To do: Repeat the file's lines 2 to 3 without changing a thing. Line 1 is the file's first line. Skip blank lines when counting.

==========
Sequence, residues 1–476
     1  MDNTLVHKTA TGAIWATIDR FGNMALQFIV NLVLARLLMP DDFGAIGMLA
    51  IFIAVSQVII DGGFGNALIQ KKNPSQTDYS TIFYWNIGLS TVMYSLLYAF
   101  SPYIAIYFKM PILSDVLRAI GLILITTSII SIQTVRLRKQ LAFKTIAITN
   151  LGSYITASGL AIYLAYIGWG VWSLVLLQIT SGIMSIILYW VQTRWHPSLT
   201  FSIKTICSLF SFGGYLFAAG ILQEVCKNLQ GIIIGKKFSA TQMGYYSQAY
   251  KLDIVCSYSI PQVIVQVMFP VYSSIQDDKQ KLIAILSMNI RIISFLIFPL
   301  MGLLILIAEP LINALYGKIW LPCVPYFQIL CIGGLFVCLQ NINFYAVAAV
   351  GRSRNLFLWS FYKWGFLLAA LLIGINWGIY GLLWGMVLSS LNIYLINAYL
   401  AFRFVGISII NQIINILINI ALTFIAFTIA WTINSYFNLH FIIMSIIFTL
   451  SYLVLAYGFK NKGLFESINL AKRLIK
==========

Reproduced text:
     1  MDNTLVHKTA TGAIWATIDR FGNMALQFIV NLVLARLLMP DDFGAIGMLA
    51  IFIAVSQVII DGGFGNALIQ KKNPSQTDYS TIFYWNIGLS TVMYSLLYAF